Budget cuts put military and veteran benefits in jeopardy

July 14, 2014

Congressionally mandated sequestration, or reduction of the federal budget, is resulting in a shrinking Pentagon budget.

The nation’s legislators and pentagon officials are looking for ways to cut costs. Military personnel benefits including active duty and retired pay, cost-of-living increases, TRICARE medical coverage, the commissary system and long-term survivor benefits have come under attack.

At the same time, the Veterans Administration medical systems, the largest single provider of medical care in the nation, is embroiled in a scandal over mismanagement of their medical appointment system. Fixing it will further strain the budget.

At 7 p.m. on Tuesday, July 15, in the fellowship hall of the Mount Jefferson Presbyterian Church, 201 S. Jefferson Ave. West Jefferson, Colonel Mike Hayden, USAF-Ret., and Director of Government Relations for the Military Officers Association of America (MOAA) headquartered in Washington, DC, will address High Country veterans, National Guard, Reserve, retired military personnel of all services and ranks, and surviving spouses on the threats to military personnel benefits, pay and medical care.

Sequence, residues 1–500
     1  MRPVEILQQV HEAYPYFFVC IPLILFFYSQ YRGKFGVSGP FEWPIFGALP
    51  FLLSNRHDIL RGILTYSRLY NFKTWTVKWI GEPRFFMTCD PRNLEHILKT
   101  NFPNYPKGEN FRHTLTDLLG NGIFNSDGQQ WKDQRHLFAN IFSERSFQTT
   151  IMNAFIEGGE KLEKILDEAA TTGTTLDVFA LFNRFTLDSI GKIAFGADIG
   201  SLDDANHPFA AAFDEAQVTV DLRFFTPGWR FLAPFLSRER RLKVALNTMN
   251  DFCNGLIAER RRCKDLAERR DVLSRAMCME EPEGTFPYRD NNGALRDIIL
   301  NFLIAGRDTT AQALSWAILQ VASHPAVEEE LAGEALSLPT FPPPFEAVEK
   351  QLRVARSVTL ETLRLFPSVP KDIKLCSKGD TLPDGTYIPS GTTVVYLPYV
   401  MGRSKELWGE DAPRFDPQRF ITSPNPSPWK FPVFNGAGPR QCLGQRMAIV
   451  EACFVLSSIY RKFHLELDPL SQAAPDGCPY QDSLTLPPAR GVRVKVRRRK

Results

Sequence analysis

His presentation is being jointly sponsored by MOAA’s Ashe County-based New River Chapter along with Boone’s High Country Chapter and Winston-Salem’s Tarheel Chapter.

The High Country region of North Carolina is home to thousands of men and women who are serving or have served their country through uniformed military service. According to the New River Chapter’s Colonel Charles Knapp, USA-Ret., any individual, including spouses and other beneficiaries, receiving financial benefits of any kind, medical care benefits, or VA benefits linked to uniformed military service should attend Hayden’s presentation that will include a generous question and answer period.

Hayden leads MOAA’s lobbying efforts to inform and educate Congress on the issues directly impacting military personnel benefits. He and his staff coordinate with other veterans organizations such as The American Legion, Disabled American Veterans, Veterans of Foreign War and many others.

Hayden joined the MOAA legislative team in July 2005 upon completion of a 25-year military career in air and space operations, personnel, recruiting, training, and education. He’s also the Co-Chairman of the Military Coalition, a group of 33 military, veterans and uniformed services organizations, and his written columns appear frequently in national publications.